People with intellectual disabilities are exposed to an increased number of negative experiences, including mistreatment by support workers. Coined by the research team led by Flinders’ Caring Futures Institute’s Professor Sally Robinson, the term ‘everyday harm’ refers to situations that cause people with disability to feel humiliated, silenced or offended, like being ignored or demeaned.
Funded by the Australian Research Council Linkage Program, Professor Robinson is leading a project aimed at understanding, responding to and preventing ‘everyday harm’ in the working relationships between young people with cognitive disability and their support workers.
A key aspect of the research involves the active inclusion of community researchers with intellectual disability. Through co-production with community researchers Ruby Nankivell and Rachel High from Flinders University, along with Hannah Ogden and Tyra Buteux from Northcott, the project ensures that the perspectives and experiences of people with disability are not only acknowledged but are integral in the research process.
Ruby and Rachel, as community researchers, are deeply involved in all aspects of the project from research design to analysis. They play a crucial role in shaping the research, ensuring it is relevant and makes sense to the participants, and offering valuable insights on the findings.
Professor Robinson emphasised the importance of this inclusive approach, stating, “What is unique about this project is having the resources and structure to be able to employ four Community Researchers across the full three years. This has allowed us to really deepen and extend how we can learn from people’s firsthand experiences, their valuable insights into how things feel and advice on effective ways of doing things.”
The project involves interviewing 50 pairs of young people with cognitive disabilities and their support workers. In a series of two interviews, participants discuss the steps they take to work together effectively, avoid harm, and resolve any issues that may arise. This in-depth analysis aims to provide a holistic understanding of the steps that young people with disability and their support workers take to address harm which is important for shaping positive practice in the future.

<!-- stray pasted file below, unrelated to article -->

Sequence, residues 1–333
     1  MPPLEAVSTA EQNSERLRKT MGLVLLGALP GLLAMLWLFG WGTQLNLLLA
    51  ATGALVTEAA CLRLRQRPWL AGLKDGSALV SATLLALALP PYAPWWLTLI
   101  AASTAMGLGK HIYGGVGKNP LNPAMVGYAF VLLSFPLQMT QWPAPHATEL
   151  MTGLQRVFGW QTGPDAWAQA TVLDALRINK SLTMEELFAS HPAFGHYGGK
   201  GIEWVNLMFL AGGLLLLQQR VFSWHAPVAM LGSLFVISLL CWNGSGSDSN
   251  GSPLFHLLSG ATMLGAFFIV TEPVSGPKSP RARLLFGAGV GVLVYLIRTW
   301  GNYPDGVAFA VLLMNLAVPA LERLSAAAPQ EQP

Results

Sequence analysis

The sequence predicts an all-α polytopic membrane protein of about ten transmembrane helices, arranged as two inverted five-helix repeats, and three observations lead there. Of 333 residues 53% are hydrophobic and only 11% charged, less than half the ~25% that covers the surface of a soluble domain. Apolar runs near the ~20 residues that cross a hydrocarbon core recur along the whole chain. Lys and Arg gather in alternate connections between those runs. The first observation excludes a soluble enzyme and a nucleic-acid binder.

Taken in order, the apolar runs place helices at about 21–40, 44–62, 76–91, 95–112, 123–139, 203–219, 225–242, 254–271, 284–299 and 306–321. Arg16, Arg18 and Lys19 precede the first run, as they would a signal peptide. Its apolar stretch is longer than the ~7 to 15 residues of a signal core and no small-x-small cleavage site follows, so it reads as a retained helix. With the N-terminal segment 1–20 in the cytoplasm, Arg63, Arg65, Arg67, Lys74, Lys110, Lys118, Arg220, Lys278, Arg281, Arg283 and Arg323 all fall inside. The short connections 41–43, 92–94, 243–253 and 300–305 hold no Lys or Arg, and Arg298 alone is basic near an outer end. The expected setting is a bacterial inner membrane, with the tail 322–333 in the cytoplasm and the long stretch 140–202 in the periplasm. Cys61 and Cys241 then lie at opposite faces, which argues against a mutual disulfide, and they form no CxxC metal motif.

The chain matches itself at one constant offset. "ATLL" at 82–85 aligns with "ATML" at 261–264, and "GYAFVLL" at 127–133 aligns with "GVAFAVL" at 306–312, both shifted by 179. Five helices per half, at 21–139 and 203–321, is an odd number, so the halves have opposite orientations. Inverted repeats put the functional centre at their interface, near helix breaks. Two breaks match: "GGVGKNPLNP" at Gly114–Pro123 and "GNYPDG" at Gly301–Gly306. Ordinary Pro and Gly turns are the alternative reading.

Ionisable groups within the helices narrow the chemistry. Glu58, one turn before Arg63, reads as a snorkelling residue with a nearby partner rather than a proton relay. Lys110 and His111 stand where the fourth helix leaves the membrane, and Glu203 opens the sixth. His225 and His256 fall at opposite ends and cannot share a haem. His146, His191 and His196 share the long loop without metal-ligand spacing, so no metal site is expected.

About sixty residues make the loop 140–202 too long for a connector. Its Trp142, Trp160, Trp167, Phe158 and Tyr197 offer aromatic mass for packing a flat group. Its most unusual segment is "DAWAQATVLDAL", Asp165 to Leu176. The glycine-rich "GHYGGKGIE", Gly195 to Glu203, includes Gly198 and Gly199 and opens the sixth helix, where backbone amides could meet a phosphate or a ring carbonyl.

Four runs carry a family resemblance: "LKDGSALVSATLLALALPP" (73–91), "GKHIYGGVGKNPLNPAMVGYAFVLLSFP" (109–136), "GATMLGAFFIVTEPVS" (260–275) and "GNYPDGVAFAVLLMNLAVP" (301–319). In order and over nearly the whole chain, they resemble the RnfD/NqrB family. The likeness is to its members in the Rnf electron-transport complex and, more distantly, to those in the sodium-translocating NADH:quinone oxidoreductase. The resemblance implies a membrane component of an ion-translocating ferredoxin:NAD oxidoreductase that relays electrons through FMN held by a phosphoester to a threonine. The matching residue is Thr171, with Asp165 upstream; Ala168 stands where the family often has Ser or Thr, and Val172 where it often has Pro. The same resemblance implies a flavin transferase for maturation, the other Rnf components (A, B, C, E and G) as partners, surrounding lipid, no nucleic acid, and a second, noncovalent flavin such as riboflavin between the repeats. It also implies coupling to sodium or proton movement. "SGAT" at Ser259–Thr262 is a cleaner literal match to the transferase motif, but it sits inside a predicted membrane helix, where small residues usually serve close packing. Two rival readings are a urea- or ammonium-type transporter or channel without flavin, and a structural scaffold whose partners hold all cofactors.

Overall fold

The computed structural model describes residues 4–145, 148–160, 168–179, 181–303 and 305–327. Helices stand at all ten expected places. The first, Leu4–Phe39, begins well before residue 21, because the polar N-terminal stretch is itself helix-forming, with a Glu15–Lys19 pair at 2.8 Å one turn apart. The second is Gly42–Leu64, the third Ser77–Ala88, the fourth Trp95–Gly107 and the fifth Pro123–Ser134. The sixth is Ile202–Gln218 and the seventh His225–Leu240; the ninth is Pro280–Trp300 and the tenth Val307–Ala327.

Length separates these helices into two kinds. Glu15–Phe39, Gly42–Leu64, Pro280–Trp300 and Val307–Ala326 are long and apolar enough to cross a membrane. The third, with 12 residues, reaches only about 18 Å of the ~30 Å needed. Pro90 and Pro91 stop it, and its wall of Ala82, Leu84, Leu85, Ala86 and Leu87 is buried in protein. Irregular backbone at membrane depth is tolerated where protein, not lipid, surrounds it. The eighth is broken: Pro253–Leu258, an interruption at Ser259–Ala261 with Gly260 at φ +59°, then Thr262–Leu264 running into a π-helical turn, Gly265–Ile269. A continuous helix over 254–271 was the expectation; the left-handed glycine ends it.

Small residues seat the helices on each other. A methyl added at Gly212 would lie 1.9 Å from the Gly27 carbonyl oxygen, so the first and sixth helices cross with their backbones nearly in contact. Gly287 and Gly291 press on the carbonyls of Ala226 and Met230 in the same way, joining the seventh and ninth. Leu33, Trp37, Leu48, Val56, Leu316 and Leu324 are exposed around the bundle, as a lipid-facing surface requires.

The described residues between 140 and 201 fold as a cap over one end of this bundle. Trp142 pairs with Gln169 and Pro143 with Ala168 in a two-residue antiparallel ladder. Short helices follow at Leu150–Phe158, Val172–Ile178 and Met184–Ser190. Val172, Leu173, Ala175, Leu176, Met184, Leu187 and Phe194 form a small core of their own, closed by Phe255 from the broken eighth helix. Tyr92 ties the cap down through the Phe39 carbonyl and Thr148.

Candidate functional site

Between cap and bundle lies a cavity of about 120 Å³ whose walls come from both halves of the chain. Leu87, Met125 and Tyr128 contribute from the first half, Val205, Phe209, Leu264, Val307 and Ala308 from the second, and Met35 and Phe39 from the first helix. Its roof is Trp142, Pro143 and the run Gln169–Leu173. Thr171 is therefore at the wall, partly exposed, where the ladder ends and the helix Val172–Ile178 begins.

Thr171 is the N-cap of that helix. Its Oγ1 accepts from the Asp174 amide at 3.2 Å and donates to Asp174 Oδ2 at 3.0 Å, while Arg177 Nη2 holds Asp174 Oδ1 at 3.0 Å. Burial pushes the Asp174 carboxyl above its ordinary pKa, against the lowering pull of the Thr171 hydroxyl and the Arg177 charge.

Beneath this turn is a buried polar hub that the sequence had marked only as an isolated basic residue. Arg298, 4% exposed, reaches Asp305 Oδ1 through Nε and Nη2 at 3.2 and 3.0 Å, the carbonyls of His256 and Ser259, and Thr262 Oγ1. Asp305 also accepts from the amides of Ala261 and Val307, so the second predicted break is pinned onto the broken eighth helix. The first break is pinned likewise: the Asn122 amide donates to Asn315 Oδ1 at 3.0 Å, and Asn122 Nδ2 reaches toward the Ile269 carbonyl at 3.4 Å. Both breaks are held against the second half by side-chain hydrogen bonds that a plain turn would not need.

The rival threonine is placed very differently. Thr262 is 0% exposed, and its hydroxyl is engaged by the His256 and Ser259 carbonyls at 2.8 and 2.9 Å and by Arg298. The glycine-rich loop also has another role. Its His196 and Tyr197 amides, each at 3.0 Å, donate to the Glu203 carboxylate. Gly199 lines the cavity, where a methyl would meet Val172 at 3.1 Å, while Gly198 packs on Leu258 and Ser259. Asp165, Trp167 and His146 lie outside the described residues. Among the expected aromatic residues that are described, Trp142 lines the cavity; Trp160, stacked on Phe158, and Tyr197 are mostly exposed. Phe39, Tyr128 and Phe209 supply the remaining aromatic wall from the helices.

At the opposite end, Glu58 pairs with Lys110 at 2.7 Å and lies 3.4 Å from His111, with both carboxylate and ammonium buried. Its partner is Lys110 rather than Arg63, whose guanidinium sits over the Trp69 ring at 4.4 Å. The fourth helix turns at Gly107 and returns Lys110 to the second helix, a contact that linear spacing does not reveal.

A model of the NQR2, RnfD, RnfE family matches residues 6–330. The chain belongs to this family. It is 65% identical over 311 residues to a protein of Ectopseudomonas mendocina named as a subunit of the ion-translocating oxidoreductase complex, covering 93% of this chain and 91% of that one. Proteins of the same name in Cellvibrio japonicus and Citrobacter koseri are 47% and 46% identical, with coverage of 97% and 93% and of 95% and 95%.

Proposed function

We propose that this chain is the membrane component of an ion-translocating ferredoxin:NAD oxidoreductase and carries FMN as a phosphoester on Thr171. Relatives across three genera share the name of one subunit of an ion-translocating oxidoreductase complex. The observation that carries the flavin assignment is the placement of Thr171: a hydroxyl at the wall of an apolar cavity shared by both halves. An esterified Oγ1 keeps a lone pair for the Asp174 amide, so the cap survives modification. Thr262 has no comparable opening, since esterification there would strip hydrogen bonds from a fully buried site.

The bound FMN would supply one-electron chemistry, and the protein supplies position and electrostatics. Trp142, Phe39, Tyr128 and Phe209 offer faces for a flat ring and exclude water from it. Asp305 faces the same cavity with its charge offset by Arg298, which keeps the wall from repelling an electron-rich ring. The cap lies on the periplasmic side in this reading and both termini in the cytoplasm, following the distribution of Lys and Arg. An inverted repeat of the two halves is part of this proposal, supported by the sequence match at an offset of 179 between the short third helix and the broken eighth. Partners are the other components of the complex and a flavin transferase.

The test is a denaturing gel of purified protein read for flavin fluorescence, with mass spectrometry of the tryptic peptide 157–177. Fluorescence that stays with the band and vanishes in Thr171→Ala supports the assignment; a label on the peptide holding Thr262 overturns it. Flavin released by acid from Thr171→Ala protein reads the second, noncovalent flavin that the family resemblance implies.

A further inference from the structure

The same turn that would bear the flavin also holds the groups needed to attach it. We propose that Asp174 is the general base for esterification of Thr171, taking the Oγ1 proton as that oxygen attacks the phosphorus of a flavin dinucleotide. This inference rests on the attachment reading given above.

To ensure the project’s effectiveness, a policy review and scoping review have been undertaken which community researchers have been actively involved in making Plain English summaries and facilitating workshops for the participants to inform the next phase of the research.
The project has brought together nine industry partners, including the NDIS Quality and Safeguards Commission, VACRO, Purple Orange, Northcott, SA Department of Human Services, Bedford, Mable, Disability Advocacy Network Australia (DANA), Novita, and genU. This collaboration is considered the most complex linkage project undertaken by Professor Robinson, highlighting its significance.
“The involvement of multiple industry partners underscores their recognition of the project’s importance. The diverse perspectives and resources are very effective in enhancing its impact.”
Community researcher Ruby expressed her enthusiasm for the project, saying, “I hope we will learn from the interviews we have been doing. I would like people with disability to have their voice, and hopefully their support workers will understand what they are feeling and have a connection and understand what every day harm is.”
Rachel highlighted the positive learning experience, stating, “People with disability and support workers will understand what they need to do to gain a good relationship. They may want to read or learn about what to do from our project resources.”
You can find out more about this initiative and our other projects and their outputs on the Research in Disability and Community Inclusion website: https://www.researchdci.flinders.edu.au/